4. The principle of proportionality (PProp) — retribution must be proportional to and fit the (mis)deed
  5. The principle of impartiality (PIm) — God must judge humans impartially, with no double standards whatsoever
  6. The principle of binary evaluation (PBinE)— God evaluates humans as either righteous or wicked, and thus divides humanity into two fundamentally distinct groups, one good and one bad
  7. The principle of fairness (PFair) — God must judge humans fairly, taking their circumstances into account
  8. The principle of personal retribution (PPerR) — God must retribute humans for their own deeds/merit, and not someone else’s
  9. The principle of coercion (PCo) — God inflicts punitive retribution coercively
  10. The principle of voluntarism (PVol) — God retributes humans for their choices (and not things that lie outside of their control)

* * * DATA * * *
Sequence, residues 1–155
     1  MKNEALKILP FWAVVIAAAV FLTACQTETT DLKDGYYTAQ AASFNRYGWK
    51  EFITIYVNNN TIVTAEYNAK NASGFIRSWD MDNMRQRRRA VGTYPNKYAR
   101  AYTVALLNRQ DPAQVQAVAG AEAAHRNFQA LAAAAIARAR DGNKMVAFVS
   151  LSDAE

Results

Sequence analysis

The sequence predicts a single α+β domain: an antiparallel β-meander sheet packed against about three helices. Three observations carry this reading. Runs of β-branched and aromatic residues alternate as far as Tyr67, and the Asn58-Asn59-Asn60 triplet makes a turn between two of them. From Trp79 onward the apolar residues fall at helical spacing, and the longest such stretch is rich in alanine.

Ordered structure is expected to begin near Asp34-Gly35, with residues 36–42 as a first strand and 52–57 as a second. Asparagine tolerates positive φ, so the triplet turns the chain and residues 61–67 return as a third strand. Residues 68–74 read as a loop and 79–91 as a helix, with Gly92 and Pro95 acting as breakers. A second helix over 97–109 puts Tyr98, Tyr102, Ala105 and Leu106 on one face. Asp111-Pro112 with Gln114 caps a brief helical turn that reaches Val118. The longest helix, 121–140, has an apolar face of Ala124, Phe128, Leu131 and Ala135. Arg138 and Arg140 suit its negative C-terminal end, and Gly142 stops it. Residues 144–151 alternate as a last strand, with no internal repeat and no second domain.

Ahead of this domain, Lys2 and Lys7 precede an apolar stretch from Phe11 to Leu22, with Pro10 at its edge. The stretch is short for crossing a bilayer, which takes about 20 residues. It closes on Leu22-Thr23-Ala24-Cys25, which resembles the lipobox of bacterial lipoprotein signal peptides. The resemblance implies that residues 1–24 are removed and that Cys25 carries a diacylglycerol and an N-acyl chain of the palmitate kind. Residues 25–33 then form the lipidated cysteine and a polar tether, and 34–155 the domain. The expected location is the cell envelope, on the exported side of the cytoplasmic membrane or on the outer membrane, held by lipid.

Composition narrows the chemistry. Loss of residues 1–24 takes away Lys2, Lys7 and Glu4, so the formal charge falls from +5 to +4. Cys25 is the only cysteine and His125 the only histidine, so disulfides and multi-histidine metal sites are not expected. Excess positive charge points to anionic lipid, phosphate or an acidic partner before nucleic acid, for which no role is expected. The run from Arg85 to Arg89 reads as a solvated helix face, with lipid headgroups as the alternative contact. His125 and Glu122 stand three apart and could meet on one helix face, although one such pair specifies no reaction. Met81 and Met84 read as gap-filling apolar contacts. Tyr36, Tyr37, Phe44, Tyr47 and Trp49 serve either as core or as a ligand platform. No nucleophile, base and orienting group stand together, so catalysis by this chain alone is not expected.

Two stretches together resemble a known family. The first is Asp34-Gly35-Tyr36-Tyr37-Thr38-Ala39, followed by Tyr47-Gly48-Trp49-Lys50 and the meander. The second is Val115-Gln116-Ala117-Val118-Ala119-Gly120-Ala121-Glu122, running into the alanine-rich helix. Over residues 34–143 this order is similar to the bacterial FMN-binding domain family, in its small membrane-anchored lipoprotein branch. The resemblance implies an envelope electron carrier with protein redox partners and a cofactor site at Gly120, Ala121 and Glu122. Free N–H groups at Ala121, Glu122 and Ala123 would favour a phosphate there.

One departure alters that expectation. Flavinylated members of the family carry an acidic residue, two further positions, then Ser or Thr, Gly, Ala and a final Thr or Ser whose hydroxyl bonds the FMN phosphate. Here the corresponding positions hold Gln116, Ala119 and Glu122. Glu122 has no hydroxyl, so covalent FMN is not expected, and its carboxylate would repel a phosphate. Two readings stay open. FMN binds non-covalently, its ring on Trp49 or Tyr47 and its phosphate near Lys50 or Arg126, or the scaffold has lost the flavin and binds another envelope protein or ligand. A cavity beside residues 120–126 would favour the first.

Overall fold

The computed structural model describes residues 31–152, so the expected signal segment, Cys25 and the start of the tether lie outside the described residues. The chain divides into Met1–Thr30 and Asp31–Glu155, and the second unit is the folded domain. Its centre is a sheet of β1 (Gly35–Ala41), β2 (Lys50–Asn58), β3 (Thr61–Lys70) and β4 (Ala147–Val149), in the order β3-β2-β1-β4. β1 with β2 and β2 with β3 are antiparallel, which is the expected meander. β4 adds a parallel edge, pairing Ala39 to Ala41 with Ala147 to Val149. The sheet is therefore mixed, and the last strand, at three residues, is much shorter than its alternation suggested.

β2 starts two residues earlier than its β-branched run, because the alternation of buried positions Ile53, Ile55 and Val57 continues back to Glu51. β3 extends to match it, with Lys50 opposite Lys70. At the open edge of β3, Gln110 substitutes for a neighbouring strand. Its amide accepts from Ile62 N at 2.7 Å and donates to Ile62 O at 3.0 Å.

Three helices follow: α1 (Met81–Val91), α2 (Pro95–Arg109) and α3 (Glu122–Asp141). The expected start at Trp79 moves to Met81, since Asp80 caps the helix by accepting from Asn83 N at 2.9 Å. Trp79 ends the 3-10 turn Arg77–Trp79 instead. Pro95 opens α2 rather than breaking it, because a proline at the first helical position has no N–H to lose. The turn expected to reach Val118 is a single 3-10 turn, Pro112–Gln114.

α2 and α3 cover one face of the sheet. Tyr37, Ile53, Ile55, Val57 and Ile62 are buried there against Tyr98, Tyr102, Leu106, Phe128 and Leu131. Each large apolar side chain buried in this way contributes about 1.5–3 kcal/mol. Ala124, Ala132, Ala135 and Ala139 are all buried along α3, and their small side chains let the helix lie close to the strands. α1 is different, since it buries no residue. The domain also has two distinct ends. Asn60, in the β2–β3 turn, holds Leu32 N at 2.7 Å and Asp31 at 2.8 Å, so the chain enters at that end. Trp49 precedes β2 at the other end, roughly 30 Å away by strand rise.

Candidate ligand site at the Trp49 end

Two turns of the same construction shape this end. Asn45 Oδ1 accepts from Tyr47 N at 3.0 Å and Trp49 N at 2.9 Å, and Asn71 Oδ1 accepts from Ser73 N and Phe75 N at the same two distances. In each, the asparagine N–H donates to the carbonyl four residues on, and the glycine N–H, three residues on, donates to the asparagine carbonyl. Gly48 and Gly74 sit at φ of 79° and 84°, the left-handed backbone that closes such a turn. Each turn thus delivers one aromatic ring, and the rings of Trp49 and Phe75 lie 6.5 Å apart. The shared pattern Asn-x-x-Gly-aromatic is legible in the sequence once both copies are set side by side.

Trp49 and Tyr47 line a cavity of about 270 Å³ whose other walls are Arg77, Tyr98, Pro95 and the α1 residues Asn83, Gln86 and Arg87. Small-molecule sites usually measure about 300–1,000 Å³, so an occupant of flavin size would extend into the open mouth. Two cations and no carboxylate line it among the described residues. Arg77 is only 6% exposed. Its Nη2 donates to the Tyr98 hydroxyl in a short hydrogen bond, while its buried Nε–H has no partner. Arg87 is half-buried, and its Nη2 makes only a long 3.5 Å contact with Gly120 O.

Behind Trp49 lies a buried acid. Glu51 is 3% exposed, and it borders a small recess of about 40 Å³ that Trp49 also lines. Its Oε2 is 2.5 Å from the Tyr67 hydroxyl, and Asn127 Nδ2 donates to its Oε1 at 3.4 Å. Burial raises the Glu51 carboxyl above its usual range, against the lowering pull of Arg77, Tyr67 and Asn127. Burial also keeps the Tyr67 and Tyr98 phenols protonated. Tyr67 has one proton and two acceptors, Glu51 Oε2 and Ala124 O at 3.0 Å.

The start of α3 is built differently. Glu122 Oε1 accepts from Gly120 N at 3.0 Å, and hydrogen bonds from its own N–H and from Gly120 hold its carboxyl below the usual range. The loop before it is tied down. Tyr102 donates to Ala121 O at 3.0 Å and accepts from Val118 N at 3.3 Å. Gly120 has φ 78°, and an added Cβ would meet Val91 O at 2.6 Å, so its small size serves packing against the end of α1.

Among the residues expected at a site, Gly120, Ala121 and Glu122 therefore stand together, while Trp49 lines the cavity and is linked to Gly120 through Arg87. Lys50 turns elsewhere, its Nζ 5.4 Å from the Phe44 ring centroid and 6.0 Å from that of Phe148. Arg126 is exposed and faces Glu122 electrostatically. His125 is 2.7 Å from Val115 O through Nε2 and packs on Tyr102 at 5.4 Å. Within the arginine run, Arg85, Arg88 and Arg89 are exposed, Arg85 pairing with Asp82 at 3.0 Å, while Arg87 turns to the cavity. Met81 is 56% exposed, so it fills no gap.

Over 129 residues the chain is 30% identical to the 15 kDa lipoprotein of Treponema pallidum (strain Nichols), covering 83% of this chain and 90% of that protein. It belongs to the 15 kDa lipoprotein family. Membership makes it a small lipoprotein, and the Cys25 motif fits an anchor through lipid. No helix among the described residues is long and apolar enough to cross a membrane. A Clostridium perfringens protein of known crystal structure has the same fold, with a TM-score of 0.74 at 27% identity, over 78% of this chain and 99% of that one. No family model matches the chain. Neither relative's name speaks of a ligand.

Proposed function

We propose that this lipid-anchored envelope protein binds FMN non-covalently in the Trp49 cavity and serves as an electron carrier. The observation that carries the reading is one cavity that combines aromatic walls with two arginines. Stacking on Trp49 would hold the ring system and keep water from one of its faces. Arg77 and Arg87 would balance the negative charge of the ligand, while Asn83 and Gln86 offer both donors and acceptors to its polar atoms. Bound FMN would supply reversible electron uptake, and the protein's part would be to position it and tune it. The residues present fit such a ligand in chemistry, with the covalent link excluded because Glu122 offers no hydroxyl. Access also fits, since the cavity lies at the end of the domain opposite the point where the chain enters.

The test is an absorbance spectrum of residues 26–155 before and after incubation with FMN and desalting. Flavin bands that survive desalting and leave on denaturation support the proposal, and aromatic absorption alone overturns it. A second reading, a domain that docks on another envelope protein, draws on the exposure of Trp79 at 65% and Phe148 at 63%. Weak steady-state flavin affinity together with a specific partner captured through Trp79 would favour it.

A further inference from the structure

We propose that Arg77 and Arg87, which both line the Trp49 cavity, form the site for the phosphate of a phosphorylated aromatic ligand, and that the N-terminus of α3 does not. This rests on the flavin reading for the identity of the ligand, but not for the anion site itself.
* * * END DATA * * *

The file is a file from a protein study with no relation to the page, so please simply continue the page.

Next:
11. The principle of merit (PMer) — God retributes humans exclusively on the basis of their merit (as constituted by their deeds), and not on the basis of other considerations, such as his generosity
  12. The principle of boasting/shaming (PBo/Sh) — since everyone gets what they deserve, rewarded humans rightly boast in themselves and are rightly praised by others, and punished humans rightly shame themselves and are rightly shamed by others [9]
  13. The principle of perfectionism (PPerf) — humans must keep God’s laws perfectly — or, seen from the divine side, the principle of nontolerance (PNont) — God cannot tolerate and must punish every little human sin, however small; he cannot suspend justice at will
  14. The principle of self-interest (PS-i) — humans are principally motivated by self-interest, namely by wanting to avoid punishment and obtain reward; or, focusing on the legal side, the principle of deterrence (PDet)— punishment deters humans from transgressing (and reward motivates them to obey)

These principles overlap and intertwine in various ways. They are meant to cast light on different aspects of ultimately the same thing, namely the contractually stipulated procedure of retributive justice.